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What is meconium aspiration syndrome?
Meconium aspiration syndrome (MAS) happens when a newborn inhales meconium (the baby’s first stool) and amniotic fluid (the fluid that surrounds the unborn baby). It can happen before, during, or after labor and delivery.
Symptoms of meconium aspiration syndrome
Newborn babies with MAS have trouble breathing. They may breathe too quickly, grunt when they breathe, or use extra muscles to catch their breath. Their skin may have a bluish tint due to lack of oxygen, or a greenish tint from meconium staining. Their blood pressure may also be too low.
What causes meconium aspiration syndrome?
Meconium aspiration syndrome is caused by the baby’s first stool (feces). It also is caused by amniotic fluid (the fluid that surrounds the baby while in his or her mother’s uterus). It’s dangerous when the baby inhales either of these substances into his or her lungs before, during, or after birth.
How is meconium aspiration syndrome diagnosed?
Several signs indicate MAS. Before birth, the fetal monitor may show a slow heart rate. During delivery or at birth, meconium can be seen in the amniotic fluid and on the infant. If the baby has trouble breathing, the doctor will listen to the newborn’s chest and do a blood gas analysis. With MAS, it will show low blood pH, decreased oxygen, and increased carbon dioxide. A chest X-ray may be done to find patchy or streaky areas in the baby’s lungs.
Can meconium aspiration syndrome be prevented or avoided?
Following your doctor’s advice and taking good care of yourself and your baby during pregnancy can often prevent problems that lead to meconium being present at birth. Smoking during pregnancy can raise the chances of having a baby with MAS. Some additional risk factors for MAS include:
- A pregnancy that goes past 40 weeks.
- Diabetes or high blood pressure in the mother.
- A long or difficult labor or delivery.
- Decreased oxygen to the infant while in utero.
- Poor intrauterine growth.
Meconium aspiration syndrome treatment
Early detection is key. A fetal monitor can detect if your baby is experiencing stress. If your doctor thinks your baby may have inhaled meconium, a special care team should be present during delivery. If after the baby is born, he’s active and crying, no treatment is necessary.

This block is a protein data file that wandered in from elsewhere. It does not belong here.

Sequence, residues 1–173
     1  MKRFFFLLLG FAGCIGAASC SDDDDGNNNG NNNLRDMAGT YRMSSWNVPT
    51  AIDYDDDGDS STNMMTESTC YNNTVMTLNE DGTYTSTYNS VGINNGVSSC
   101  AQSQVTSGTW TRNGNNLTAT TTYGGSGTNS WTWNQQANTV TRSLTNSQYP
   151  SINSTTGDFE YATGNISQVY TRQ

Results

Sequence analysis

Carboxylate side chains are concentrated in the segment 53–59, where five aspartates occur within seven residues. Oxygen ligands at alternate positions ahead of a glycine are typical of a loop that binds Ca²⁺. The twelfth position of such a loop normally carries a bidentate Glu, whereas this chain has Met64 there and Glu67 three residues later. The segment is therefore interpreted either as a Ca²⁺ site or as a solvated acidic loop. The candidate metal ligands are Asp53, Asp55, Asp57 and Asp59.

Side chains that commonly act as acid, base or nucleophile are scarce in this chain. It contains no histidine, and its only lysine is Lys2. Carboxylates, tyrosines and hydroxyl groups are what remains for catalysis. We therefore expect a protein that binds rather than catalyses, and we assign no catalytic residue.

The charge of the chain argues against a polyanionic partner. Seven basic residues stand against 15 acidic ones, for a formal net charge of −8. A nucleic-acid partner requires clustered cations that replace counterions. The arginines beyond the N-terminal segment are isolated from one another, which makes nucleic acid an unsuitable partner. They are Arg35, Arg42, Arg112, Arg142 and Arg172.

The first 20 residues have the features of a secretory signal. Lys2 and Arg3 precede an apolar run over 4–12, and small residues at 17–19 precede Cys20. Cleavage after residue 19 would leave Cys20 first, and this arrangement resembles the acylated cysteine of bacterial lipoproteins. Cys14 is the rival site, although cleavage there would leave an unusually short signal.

However, if the baby has trouble breathing, the doctor will quickly need to clear away as much meconium as possible to decrease the amount of meconium the baby inhales. He’ll suction the mouth, nose, and throat. Then he’ll insert a tube called a laryngoscope down the baby’s throat and into the trachea to remove any meconium there.
If your baby is not breathing or has a low heart rate, a facemask with oxygen can help inflate the baby’s lungs and help him or her breathe. Your baby may need to be monitored closely in a newborn intensive care unit (NICU). In the NICU, he or she may get:
- Oxygen therapy.
- Antibiotics to treat infection.
- Surfactant (a substance that helps the lungs expand properly).
- A radiant warmer to control his temperature.
- Frequent blood tests to see if he’s getting enough oxygen.
Living with meconium aspiration syndrome
Although MAS can be very scary for parents, most babies will get better fairly quickly. While rapid breathing may continue for several days, it’s rare for a baby with MAS to experiences any long-term damage. However, babies who experienced MAS may be at higher risk for an asthma-like disease called “reactive airway disease.” This can cause wheezing, coughing, and shortness of breath.
Questions for your doctor
- Will my baby need any extra care at home?
- Is there anything I should look out for that warrants a call to you?
- Is there anything I should look out for that warrants a call to 911?
- Could my baby have any permanent damage from MAS?
- Are any future babies I have at higher risk for MAS?
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This information provides a general overview and may not apply to everyone. Talk to your family doctor to find out if this information applies to you and to get more information on this subject.